Bit wordy, but anyway…I think the lesson here, as has been said already, is that there is no standard answer. It is all an integral and bespoke component of your overall strategy.


Mhan you have killed it here. :+1: :+1:t4: Good thoughts and thanks
This is what i was really asking about quite frankly.

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Here is an example of S/R areas (or zones) at work. This is my 1H chart for this week Mon-Fri (today). I have removed my strategy set-up for clarity and just left these areas to show their usage.

These yellow/orange S/R areas are based on the Daily and 4H TFs respectively and shown here on the 1H chart. When the price breaks through one of these and is in line with my strategy then the typical entry is where the green circles are placed and the stops are then placed on the other side of the area. The target is then either a set pip amount or the next zone if it is worth taking.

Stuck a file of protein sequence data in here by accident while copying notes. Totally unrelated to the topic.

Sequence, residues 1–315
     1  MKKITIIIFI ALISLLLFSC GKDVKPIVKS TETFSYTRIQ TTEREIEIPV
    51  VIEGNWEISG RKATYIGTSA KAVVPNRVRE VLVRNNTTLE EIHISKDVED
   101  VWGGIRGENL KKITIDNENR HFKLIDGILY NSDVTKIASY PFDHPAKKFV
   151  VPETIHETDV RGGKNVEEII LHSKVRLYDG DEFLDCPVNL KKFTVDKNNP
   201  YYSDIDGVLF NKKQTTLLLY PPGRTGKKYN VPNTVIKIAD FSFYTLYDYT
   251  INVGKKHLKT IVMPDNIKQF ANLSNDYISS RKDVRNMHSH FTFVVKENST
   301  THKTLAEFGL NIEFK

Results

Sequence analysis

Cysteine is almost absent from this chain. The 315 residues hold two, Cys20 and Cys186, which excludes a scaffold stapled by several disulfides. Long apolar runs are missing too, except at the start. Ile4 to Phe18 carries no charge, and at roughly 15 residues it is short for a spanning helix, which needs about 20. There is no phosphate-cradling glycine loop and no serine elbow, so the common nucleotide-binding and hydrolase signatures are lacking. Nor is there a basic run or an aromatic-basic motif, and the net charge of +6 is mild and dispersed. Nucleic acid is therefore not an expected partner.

This kind of automatically gives a reasonable, but flexible, RR and with the stoploss at a level where the entry criteria is, by definition, nullified. Today’s trade is shown there with a 50+pip gain.

Just to give an idea of the concept that I use, that’s all.

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Yeah this is beautiful thanks for the demonstration.

Yes, i do set my S&R level, stop loss and (TPs on next S&R level/zone) before hand. Then check up if the rewards are cool.
I’ve seen yours’s now; you said YES to 50+pip for this particular trade.

I love the demo you’ve given. cool and nice to see.